"Information visualization. Satellite views. Parametric architecture. Surveillance cameras. Digital image processing. Data-mashed video frames. Glitches and corruption artifacts. Voxelated 3D pixels in real-world geometries. Dazzle camou. Augments. Render ghosts. And, last and least, nostalgic retro 8bit graphics from the 1980s."
In making this list, Sterling privileges the visible objects of New Aesthetics over the invisible and algorithmic ones. New Aesthetics is not simply an aesthetic fetish of the texture of these images, but an inquiry into the objects that make them. It's an attempt to imagine the inner lives of the native objects of the 21st century and to visualize how they imagine us.
"New Aesthetics is not simply an aesthetic fetish of the texture of these images, but an inquiry into the objects that make them. It's an attempt to imagine the inner lives of the native objects of the 21st century and to visualize how they imagine us."
Moreover, as Object-Oriented thinkers, New Aestheticians are interested not just in the significance of face detection algorithms, surveillance drones, gesture recognition systems, image compression techniques, CCTV networks, book-scanning operations, satellite maps, and digital fabrication schemes for humans but they're also obsessed with how these new 21st century objects impact the things we design and cohabitate with. They want to know what CCTV means for social networks, what book scanning means for iOS apps, and what face detection means for fashion. And again these objects are not just interesting to each other as a set of constraints and affordances for the objects' human makers but for the hidden inner lives of the objects themselves throughout their existence.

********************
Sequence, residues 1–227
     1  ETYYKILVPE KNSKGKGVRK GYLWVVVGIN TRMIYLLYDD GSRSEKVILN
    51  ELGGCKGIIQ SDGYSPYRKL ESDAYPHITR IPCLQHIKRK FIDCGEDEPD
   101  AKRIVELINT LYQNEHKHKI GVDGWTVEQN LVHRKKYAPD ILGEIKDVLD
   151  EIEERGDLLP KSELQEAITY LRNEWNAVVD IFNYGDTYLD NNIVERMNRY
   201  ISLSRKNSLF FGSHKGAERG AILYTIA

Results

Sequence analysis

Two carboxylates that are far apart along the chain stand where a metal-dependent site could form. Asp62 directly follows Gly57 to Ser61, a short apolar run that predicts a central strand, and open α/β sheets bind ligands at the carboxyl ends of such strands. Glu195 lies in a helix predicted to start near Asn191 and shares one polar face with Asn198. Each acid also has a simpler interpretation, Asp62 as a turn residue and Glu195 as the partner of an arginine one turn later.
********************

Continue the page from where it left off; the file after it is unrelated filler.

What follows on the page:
I think the quintessential New Aesthetic project is Adam Harvey's CV Dazzle.
CV Dazzle is "camouflage from computer vision," a set of hair, makeup, and fashion designs meant to prevent their human wearer from being detected by face detection algorithms. In order to create CV Dazzle, Harvey had to develop systems that let him visualize how face detection algorithms see people's faces. He wrote software that let him slow down the face detection process and display its internal state. The images and videos he produced in the process are not simple appropriations of the visual texture of face detection algorithm, but tools for speculating about what it would be like to be one.
Greg Borenstein is an artist and technologist in New York. He's currently a Resident Researcher at NYU's Interactive Telecommunications Program and recently the author of Making Things See: 3D Vision with Kinect, Processing, Arduino and Makerbot from O'Reilly. You can also find him on Twitter.
THE NEW AESTHETIC NEEDS NEW WRANGLERS
By James George